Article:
Consumers ‘sitting on huge pots of cash’ will fuel travel recovery

The recovery of the travel market will be buoyed by consumers’ savings, vaccines and air corridors, according to a tourism forecaster.

David Goodger, managing director for Europe and Middle East with Tourism Economics – part of the Oxford Economics forecasting consultancy, said the rebound will begin in 2021 but the market will still lag behind 2019 levels.

However, pent-up demand from consumers “sitting on huge pots of cash” and the economic recovery mean he is optimistic that the recovery will continue.

Speaking during the first day of the online Brand USA Global Marketplace on Tuesday (April 20), Goodger said leisure travel will lead the way, along with domestic and short haul. Surveys show increasing caution among UK travellers about their choice of destination, he explained.

Compared to 2019, UK outbound travel was down by 73% in 2020 but will be about 50% down in 2021.

For long-haul travel, there was an 80% fall last year and 2021 is expected to be 64% down on 2019.

It is not likely to return to pre-pandemic levels until 2024.

As well as pent-up demand, other factors supporting the recovery are the stability in the sterling exchange rate after Brexit; the rollout of vaccines; and travel corridors.

The virtual event also heard from aviation bosses about the transatlantic airline market.

Nigel Mayes, senior vice president at Airport Strategy & Marketing, said that there had been 1,100 weekly passenger flights across the Atlantic, connecting 71 city pairs, before the pandemic.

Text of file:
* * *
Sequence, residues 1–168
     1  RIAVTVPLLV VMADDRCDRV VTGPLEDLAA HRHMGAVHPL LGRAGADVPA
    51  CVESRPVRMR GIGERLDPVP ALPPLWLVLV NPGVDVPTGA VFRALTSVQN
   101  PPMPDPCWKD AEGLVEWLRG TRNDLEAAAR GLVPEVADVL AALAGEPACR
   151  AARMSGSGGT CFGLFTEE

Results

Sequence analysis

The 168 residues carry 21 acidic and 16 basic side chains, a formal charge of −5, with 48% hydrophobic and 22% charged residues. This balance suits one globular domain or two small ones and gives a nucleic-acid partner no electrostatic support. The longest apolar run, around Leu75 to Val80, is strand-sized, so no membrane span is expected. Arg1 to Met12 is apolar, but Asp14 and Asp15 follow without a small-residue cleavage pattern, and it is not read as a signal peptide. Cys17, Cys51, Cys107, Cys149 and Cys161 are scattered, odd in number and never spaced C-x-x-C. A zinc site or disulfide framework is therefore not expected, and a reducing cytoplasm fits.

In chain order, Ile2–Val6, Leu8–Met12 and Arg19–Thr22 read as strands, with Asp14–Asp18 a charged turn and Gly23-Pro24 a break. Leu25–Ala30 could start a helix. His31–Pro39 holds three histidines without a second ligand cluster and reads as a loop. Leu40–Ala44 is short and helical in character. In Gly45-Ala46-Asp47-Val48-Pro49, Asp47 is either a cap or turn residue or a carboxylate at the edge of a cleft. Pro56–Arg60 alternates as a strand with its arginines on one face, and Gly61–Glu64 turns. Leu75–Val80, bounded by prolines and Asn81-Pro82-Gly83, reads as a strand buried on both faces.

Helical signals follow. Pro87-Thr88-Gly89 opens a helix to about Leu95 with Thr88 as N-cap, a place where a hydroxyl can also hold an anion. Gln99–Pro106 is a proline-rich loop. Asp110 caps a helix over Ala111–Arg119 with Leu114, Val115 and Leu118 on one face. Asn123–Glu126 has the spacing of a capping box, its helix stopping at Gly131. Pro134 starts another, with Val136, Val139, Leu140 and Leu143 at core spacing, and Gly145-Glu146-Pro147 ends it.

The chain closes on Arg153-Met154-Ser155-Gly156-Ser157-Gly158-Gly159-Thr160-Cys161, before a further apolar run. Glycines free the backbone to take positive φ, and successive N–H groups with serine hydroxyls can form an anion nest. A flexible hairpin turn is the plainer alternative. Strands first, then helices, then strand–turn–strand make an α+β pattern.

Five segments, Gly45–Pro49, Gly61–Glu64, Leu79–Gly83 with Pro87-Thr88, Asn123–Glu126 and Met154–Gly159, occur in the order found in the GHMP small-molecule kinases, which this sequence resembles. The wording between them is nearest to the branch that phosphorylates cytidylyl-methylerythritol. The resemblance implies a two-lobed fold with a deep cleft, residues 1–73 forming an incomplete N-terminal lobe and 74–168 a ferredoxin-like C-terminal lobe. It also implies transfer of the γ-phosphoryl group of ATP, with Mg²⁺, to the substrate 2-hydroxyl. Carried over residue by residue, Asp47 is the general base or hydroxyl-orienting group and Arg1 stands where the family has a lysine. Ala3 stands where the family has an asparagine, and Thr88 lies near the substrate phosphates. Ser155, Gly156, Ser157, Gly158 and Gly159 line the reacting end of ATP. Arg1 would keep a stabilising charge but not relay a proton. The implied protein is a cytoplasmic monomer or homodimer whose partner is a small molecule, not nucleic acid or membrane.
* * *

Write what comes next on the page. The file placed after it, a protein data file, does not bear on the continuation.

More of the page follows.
Now there are just 200 a week, linking 20 city pairs.

Bill Byrne, Aer Lingus’ global sales director, said he was “excited” by the airline’s four new routes from Manchester, the first of which starts in July, but said it was too early to talk about the potential for extra services to be added.

Bob Schumacher, United Airlines’ UK and Ireland director, commented that he was “delighted” about a new service linking Heathrow and Boston which will start this summer.

Like Byrne, he said carriers will build their networks back up according to demand and the “appetite for travel”.

Rikke Christiansen, vice president of networks, alliances and commercial planning at Virgin Atlantic, said the airline is currently relying on cargo for the bulk of its revenue.

She said the VFR (visiting friends and relatives) market will return first followed by leisure, then eventually the corporate sector.

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